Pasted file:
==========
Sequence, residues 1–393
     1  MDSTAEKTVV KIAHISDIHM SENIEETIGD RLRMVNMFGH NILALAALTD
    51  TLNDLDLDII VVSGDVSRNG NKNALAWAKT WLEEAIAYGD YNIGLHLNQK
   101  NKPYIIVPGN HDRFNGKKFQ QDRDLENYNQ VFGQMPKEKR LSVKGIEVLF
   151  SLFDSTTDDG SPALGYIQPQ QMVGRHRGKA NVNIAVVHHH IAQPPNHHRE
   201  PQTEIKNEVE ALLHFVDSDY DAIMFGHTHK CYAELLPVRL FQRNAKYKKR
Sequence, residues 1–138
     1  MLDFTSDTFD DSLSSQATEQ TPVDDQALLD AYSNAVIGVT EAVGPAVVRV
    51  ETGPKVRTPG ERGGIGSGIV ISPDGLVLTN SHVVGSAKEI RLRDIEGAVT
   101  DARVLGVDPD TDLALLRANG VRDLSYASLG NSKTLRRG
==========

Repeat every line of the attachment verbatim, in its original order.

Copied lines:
Sequence, residues 1–393
     1  MDSTAEKTVV KIAHISDIHM SENIEETIGD RLRMVNMFGH NILALAALTD
    51  TLNDLDLDII VVSGDVSRNG NKNALAWAKT WLEEAIAYGD YNIGLHLNQK
   101  NKPYIIVPGN HDRFNGKKFQ QDRDLENYNQ VFGQMPKEKR LSVKGIEVLF
   151  SLFDSTTDDG SPALGYIQPQ QMVGRHRGKA NVNIAVVHHH IAQPPNHHRE
   201  PQTEIKNEVE ALLHFVDSDY DAIMFGHTHK CYAELLPVRL FQRNAKYKKR
Sequence, residues 1–138
     1  MLDFTSDTFD DSLSSQATEQ TPVDDQALLD AYSNAVIGVT EAVGPAVVRV
    51  ETGPKVRTPG ERGGIGSGIV ISPDGLVLTN SHVVGSAKEI RLRDIEGAVT
   101  DARVLGVDPD TDLALLRANG VRDLSYASLG NSKTLRRG